PavingTilesWooden FlooringMaintenanceDatasheetsQuality
Introduction
Setting Out
Drainage
Sub Base Construction
Establishing Levels
Laying Patterns
Laying Paving
Cutting Natural Stone
Pointing and Sealing
Introduction
Required Items
Preparation and Planning
Fixing Tiles
Cutting and Use Of Borders
Sealing
Grouting
Final Clean and Seal
Introduction
Required Items
Preparation and Planning
Installing Flooring
Skirtings, Threshold and Finishing
Final Clean
Maintaining Paving
Maintaining Stone Tiles
Maintaining Wooden Flooring
Universeal Products
UltraTile Products
UltraScape Products
Dural Products
Fastenmaster Products
Sandstone Quality
Travertine Quality

Pointing and Sealing

Pointing is one of the last and most important stages of getting your patio looking right, and finished properly.

There are a few options with pointing and all have their advantages in certain applications, here we will look at the traditional method of sand and cement, as well as air-cured pointing products, and kiln dried sand.

As the hardest wearing method, a sand and cement joint is generally considered the best way of pointing in on patios, particularly on Sandstone Paving, and quite often Slate. Pointing is undertaken when the Slabs have been laid and given time to dry (normally 24-48 hours) and must be done in dry, frost free conditions, to allow the pointing mortar adequate time to dry and harden.

The first stage is to make sure all gaps to be pointed are dry and clean, and then the mortar can be mixed. An average ratio of sand to cement would be 5 parts sand to 1 part cement, you can go stronger than this however weaker is not advisable. Only mix around one wheelbarrow/bucket full at a time though as it will harden if left for too long. Mix the sand and cement together adding water as you go to get to a nearly liquid consistency, now you can start pointing your patio.

You will need two trowels ideally, one for getting an amount of mortar out of the bucket/barrow, the other for pushing into the joint and firming down. Work your way along each joint feeding mortar in off of one trowel with the other and pushing it down to fill the joint thoroughly, you will be aiming to evenly fill each joint without overloading it, as getting any wet mortar on to the surface of the slab will prove difficult to get off later on. Gradually fill all of the joints with the pointing mortar, mixing more as necessary, until all are filled, you are now ready to smooth down the joints for a nice tidy finish. The best way of smoothing down the joints is with a pointing iron (or the end of a trowel handle) or, for an alternative look, a pointing trowel can be used to groove the pointing to creating a rain channel in each joint.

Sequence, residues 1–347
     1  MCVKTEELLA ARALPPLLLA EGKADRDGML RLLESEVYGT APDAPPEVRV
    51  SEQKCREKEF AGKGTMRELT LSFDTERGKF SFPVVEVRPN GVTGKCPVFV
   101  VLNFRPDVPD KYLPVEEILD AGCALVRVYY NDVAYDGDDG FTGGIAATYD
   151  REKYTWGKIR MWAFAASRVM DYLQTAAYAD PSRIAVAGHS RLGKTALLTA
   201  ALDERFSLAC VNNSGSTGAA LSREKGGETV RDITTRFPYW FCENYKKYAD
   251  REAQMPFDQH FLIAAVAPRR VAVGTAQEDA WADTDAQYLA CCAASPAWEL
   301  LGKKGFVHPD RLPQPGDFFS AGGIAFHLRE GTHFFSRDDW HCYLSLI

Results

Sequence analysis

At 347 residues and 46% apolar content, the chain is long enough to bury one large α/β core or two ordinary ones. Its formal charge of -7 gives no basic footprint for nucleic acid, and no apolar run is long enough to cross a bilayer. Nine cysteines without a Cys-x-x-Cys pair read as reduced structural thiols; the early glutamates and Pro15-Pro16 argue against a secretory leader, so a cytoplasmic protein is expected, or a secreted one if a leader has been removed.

Once you have tidied your pointing there will some debris remaining which should be swept off with a soft brush, and at all times go across your joints, as you can disturb the wet mortar if you sweep along the joints. Once clean you now only need to wait for the pointing to dry which can take up to 24 hours depending on conditions, but generally will take around 12 hours or so.

Another method is to use an air curing pointing compound. Which is very easy to install and can last just as long as traditional pointing. Again before starting the joints need to be clean and dry, and it is then a simple case of opening the bags and sweeping the compound in using a soft brush, and once swept in press into the joint with a trowel or pointing iron, and then leave to cure sweeping off any residue that has hardened after a few hours with a stiff brush. This is a very simple and effective way of pointing, but manufacturers’ guidelines should always be followed, and it is worth checking the suitability of the area to be pointed in this way, before starting work.

The final method is only suitable for Paving which is to be butt jointed (as you would with block paving for example) like most of our Travertine Paving Products. This is simply brushing in a fine Kiln-Dried Sand over the area to fill small gaps in between the paving slabs. This is only suitable for patios laid on a full mortar or concrete base as there is then little chance of weed growth in between slabs. The sand simply acts as a filler, preventing the gaps filling with dirt over time.